Assistant Professor of English at Riverside Community College and former high school English teacher. She is the author of Teacher at Point Blank and has been a teacher of English and literature in California since 1991. Her writing on intersections of gender, violence, and education has appeared in the Los Angeles Times as well as literary venues including Hotel Amerika, Fourth Genre, River Teeth, Ninth Letter, Memoir(and), Bitter Oleander, and Green Mountains Review. Her essay, "Recovering Teacher," won the NCTE 2009 Donald Murray Prize, and other selections of her work have received a Pushcart Special Mention as well as Notable listings in Best American Essays 2009 and 2010. As an independent researcher, Jo authored and published the most extensive study to-date of Adams v. LAUSD, a nearly 10-year legal case of student-on-teacher sexual harassment, in (Re)Interpretations: The Shapes of Justice in Women's Experience (Cambridge Scholars Press). Jo values the aesthetic, political, and socially transformative powers of literary narrative--especially to dispel unhealthy silences and witness cultural blindspots. She works currently as an assistant professor of English at Riverside Community College in SoCal, and her book, Teacher at Point Blank (Aunt Lute 2010), has been selected as a Great Read for Fall 2010 by Ms. Magazine. Punk rock? Yes. Hockey games? Yes. Coffee? Always black. Find Jo on the web at and on Twitter @joscottcoe.

Betsy Combier New York, New York
Betsy Combier's blog
is a jewel that chronicles the corruption in NYC's Dept of Educations (DOE)  . She has accomplished a wonderful piece of journalism, and created one of the rare places where corrupt educational governance is chronicled and revealed

Professor Samuel Culbert Los Angeles, California
is a professor at the UCLA Andersen School of Business who also teaches in the Education Department's Principals' Leadership Institute. Check out the following 3 minutes on ABC News

Stuart Goldurs Los Angeles, Califonia
Don't send LAUSD Librarians to the Inquisition, send the downtown bureaucrats
Tests, What Are They Good For? Absolutely Nothing!
LAUSD students to attend school on contaminated land, again!
Some schools teach only to the tests, so how are the students being prepared for the next grade and for life?
New LAUSD superintendent adds six-figure positions to management team

Has been a teacher in the Los Angeles Unified School District for 30 years. He is greatly aware of the district waste, large bureaucracy, and other major issues of the time. He started his blog with the sole purpose of informing the world about the truths of education in LAUSD. E-mail him at:

LAUSD has selected a new Superintendent of Schools

Karen Horwitz Chicago, Illinois

Former award winning teacher who co-founded NAPTA, National Association for the Prevention of Teacher Abuse, and wrote the book White Chalk Crime: The REAL Reason Schools Fail to expose how teacher harassment and terrorization maintains a system of deeply hidden corruption. Disposing of dedicated teachers forms the core of the White Chalk Criminal's agenda since dedication and white collar crime do not mix. Given that all agree that good teachers are essential to good teaching, a system that cannot tolerate good teachers is worthless. This is what we have in place. With Bernie Madoff-like leaders - he was as much about investing as our school leaders are about educating - anointed with unlimited power, including the ability to fill the airwaves with propaganda, education is no longer about education. It is about money and power for those who play a very corrupt game and with an agenda of privatizing schools so their power will increase. (Privatization may have merits. NAPTA does not take a position on that. But privatizing a system that is rotten to its core - where quality teaching cannot survive, where a cover up of pretense that they do not know this despite so many of us reporting these truths prevails - documents that those advocating privatization cannot be trusted! It shows they want our schools for their own interests, not the children, nor the community.)  NAPTA welcomes parents, teachers, students, citizens or anyone who understands that without a real system of education, we no longer have a democracy. Membership is free. Go to:  or Become educated about what is going on.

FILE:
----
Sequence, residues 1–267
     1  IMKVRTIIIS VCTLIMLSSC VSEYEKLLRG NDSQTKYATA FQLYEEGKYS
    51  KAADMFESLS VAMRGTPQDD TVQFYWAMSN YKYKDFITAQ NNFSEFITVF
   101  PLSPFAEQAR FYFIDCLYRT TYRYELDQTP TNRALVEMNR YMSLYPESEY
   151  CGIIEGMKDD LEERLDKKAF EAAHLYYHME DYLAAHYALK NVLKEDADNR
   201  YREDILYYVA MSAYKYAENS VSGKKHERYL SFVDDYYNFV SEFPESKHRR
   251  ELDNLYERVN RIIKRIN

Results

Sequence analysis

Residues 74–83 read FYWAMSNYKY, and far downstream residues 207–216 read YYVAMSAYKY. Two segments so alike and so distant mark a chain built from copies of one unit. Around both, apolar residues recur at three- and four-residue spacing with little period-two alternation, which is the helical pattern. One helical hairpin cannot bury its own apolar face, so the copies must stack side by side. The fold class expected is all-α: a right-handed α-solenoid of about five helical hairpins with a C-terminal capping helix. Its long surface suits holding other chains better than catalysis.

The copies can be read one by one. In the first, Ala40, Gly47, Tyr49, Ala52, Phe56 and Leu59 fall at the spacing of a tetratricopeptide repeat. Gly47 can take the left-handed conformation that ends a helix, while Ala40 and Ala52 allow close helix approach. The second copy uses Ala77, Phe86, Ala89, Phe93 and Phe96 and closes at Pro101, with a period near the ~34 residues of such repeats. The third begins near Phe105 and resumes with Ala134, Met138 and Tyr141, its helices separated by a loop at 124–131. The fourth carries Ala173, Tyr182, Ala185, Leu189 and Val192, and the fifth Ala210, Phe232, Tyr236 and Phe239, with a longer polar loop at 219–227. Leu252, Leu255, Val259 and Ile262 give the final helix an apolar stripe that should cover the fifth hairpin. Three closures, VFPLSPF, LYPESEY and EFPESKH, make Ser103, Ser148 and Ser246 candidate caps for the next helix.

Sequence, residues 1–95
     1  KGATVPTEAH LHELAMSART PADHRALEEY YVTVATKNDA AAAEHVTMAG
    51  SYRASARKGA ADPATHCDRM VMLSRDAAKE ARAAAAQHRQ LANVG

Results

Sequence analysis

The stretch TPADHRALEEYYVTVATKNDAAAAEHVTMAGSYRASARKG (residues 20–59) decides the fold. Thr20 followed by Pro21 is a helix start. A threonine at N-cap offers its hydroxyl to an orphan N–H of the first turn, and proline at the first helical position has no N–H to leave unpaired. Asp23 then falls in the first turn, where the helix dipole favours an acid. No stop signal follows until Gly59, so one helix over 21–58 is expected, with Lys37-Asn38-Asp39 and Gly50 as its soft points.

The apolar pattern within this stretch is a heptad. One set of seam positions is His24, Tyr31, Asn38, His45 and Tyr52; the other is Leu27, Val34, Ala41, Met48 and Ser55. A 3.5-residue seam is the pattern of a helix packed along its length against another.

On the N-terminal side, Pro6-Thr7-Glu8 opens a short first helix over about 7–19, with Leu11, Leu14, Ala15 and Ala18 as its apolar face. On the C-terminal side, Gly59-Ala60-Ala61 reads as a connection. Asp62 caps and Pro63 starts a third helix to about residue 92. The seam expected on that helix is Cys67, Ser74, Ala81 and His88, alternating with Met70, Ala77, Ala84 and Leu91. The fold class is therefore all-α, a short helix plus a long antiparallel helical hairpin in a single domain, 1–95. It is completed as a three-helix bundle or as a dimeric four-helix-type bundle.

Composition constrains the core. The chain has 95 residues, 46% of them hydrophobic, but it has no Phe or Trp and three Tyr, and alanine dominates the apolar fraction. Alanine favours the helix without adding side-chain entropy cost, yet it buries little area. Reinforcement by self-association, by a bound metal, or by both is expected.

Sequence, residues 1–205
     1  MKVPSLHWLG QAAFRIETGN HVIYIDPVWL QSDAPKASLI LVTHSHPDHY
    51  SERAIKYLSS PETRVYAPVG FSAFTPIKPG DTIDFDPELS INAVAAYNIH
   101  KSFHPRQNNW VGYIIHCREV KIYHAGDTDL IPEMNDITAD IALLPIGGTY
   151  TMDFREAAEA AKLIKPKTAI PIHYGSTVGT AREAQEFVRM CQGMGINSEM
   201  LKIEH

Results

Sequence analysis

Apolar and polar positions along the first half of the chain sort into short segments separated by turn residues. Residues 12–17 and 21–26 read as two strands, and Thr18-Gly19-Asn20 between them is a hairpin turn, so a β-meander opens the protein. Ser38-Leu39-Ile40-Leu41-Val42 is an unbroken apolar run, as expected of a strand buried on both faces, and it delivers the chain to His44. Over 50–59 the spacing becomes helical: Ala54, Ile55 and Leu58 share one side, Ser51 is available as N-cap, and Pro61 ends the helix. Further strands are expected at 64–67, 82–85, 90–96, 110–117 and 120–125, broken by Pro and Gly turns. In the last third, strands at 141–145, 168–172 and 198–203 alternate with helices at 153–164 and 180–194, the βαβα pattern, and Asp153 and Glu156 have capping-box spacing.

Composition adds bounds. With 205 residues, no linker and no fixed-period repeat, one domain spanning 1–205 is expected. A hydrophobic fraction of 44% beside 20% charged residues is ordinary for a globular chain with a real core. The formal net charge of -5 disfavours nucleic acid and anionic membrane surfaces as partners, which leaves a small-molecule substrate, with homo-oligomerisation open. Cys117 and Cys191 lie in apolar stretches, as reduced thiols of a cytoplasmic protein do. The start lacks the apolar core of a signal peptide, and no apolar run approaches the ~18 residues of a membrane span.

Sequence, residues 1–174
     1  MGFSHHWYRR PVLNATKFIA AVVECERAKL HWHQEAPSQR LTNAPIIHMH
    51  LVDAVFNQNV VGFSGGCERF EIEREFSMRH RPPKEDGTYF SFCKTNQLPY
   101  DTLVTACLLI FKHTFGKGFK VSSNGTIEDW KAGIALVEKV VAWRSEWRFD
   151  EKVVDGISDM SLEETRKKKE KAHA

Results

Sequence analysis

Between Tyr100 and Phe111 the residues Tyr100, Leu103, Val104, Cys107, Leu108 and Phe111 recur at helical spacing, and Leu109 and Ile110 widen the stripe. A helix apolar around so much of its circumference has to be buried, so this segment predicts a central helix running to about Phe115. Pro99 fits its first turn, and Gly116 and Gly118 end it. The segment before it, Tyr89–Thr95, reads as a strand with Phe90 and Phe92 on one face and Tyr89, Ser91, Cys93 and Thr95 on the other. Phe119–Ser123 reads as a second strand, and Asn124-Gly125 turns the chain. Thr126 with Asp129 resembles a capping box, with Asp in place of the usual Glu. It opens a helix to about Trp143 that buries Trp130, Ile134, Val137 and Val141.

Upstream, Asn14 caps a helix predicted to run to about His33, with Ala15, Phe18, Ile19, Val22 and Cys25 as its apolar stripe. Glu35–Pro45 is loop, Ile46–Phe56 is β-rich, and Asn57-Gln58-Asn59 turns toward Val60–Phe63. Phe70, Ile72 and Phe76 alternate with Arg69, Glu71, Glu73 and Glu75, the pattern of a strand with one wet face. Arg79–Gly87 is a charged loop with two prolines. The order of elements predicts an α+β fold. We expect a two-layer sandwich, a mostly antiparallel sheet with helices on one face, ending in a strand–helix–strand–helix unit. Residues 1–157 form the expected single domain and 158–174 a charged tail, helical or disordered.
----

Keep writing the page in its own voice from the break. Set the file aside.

Jerry Mintz Director
Alternative Education Resource Organization (AERO)
417 Roslyn Rd., Roslyn Hts., NY  11577

For those of you who cannot wait for corrupt public education to be turned around, AERO offers an excellent source to get connected with viable alternatives right now.
                                                                                                                         800-769-4171                                                              (domestic)
                                                                                                                         516-621-2195                                                              (international)

Susan Ohanian Charlotte, Vermont
She is a longtime public school teacher who, after 20 years, became staff writer for a teacher magazine and then went freelance. I've maintained a website of activism for nearly 9 years--ever since the passage of NCLB. People can subscribe to the website and then they get updates about new content. I answer all the mail I get through the website and with the answer, people have my e-mail.  I also try to stir things up on Twitter, though I find this medium frustrating. I have a Facebook page--just so people can find me. I don't initiate anything on it, The website keeps me busy.